By Keith Laing - 05/30/13 01:55 PM EDT
The Transportation Security Administration (TSA) has completely stopped taking graphic images of airline passengers at airport security checkpoints, the agency has told lawmakers.
The images had been heavily criticized as invasive, and TSA had come under enormous pressure to change its systems, with both Republican and Democratic lawmakers pressing it to add privacy filters to their X-ray machines.
“As of May 16, 2013, all [Advanced Imaging Technology scanners] are equipped with ATR capability,” TSA Administrator John Pistole wrote in a letter to the top lawmakers in each party on the Homeland Security panel.
“Additionally, TSA’s procurement of next generation AIT requires ATR capability,” Pistole continued. “TSA is in compliance with the statute, and I will no longer be seeking further extension of the implementation deadline.”
Congress ordered TSA to add privacy filters to its X-ray machines in the funding bill that was passed for the Federal Aviation Administration (FAA) in 2012. The agency was supposed to have retrofitted all of its scanners by June 1, but the deadline appeared in doubt when TSA ended its contract with the company it purchased the machines from, Rapiscan, in January.
The controversial "backscatter" X-ray machines produced black-and-white images of airline passengers as they were screened for security risks.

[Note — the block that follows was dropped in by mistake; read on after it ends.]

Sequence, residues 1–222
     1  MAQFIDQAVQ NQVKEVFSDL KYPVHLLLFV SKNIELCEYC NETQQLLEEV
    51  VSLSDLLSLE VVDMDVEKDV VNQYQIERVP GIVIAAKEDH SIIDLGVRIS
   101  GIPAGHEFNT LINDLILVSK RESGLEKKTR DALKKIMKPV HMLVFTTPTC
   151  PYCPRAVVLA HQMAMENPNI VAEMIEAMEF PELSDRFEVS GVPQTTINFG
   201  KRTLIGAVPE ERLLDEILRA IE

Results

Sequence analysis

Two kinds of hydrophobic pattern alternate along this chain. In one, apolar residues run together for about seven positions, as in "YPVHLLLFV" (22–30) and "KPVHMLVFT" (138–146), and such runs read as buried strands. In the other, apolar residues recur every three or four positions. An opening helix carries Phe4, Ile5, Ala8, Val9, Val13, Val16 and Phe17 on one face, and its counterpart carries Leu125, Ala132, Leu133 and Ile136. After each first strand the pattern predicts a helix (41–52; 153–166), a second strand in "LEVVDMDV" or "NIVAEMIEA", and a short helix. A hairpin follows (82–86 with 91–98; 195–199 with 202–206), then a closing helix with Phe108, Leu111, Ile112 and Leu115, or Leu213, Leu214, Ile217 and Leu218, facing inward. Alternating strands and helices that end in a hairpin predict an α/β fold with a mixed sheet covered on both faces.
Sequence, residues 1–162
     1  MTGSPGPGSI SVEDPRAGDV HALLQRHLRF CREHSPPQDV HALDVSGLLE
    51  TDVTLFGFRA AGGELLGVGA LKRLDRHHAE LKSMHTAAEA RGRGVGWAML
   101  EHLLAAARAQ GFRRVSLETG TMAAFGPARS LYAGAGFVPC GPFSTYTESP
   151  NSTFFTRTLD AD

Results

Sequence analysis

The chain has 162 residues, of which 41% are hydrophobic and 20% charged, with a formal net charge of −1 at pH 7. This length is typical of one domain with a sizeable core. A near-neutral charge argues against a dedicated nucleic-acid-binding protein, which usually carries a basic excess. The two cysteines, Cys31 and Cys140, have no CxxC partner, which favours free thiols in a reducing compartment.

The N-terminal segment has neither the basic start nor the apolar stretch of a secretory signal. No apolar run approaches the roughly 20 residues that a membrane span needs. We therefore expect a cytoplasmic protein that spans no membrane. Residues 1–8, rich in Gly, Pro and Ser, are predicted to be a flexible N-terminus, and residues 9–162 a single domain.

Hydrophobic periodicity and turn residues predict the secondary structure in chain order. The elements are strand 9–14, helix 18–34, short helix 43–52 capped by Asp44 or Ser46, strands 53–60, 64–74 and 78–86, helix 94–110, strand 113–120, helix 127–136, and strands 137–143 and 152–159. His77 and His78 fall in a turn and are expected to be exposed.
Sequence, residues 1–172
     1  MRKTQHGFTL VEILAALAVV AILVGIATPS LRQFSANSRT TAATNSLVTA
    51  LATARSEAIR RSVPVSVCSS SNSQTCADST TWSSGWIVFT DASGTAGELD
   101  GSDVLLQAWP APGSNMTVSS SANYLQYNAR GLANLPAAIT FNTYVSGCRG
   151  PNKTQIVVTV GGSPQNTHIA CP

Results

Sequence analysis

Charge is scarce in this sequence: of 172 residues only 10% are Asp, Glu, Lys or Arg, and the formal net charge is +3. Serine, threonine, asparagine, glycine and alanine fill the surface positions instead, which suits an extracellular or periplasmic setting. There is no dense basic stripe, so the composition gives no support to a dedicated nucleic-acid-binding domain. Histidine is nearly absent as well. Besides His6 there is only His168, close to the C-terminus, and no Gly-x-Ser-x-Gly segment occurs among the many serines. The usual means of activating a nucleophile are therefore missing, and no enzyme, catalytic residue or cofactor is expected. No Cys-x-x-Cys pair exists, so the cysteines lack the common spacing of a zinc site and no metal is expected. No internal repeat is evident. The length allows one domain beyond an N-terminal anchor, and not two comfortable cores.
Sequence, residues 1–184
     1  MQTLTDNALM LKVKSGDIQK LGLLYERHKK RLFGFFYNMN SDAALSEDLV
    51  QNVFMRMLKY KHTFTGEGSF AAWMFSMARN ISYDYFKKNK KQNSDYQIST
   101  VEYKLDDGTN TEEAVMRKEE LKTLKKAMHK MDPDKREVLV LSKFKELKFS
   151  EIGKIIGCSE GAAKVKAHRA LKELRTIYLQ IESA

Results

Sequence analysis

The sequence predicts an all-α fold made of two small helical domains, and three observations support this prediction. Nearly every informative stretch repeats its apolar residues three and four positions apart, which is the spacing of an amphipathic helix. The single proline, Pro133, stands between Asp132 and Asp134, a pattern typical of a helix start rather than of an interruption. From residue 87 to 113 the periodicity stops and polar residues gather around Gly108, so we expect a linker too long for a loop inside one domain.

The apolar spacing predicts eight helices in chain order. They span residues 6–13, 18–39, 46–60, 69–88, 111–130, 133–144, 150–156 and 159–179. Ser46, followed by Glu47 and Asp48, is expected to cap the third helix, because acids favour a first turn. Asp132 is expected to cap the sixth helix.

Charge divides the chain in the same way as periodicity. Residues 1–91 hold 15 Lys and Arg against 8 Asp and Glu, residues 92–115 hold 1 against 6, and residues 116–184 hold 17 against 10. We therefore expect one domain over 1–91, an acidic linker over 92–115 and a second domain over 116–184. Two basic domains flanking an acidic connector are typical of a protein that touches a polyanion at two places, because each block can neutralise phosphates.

The backscatter scanners were among the most criticized of TSA's airport-security procedures. Critics said images captured by the machines invade the personal space of airline passengers, and they questioned the agency on what happened to those explicit pictures after security checks were completed.
Critics also raised health concerns about the radiation that it is emitted from the backscatter X-ray machines.
Lawmakers on the House Homeland Security Committee praised TSA’s decision to completely eliminate the controversial X-ray machines.
“I applaud TSA for becoming compliant with the law mandating that all AIT machines used by TSA are equipped with up-to-date privacy filters,” Rep. Bennie Thompson (D-Miss.) said in a statement. “Because of this action and congressional oversight, TSA will never again use machines to screen passengers that do not obscure their imagines while maintaining security.”
TSA's full letter can be read here.
This story was updated at 10:56 a.m. and 11:53 a.m.